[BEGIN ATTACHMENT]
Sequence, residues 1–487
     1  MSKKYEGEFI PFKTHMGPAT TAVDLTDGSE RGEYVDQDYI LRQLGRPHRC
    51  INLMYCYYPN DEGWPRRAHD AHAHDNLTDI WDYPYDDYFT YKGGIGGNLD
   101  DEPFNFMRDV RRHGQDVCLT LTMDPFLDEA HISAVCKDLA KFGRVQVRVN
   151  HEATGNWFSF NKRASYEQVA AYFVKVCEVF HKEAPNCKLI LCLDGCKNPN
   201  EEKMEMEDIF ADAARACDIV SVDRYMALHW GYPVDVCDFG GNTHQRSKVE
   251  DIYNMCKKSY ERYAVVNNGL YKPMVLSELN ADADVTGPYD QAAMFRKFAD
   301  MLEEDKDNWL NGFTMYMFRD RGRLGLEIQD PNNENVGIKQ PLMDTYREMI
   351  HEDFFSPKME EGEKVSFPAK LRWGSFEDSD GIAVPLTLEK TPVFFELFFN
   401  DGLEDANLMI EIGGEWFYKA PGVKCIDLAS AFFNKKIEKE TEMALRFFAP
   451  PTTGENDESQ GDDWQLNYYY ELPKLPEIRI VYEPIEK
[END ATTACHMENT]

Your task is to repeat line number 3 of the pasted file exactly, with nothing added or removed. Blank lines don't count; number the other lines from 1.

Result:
    51  INLMYCYYPN DEGWPRRAHD AHAHDNLTDI WDYPYDDYFT YKGGIGGNLD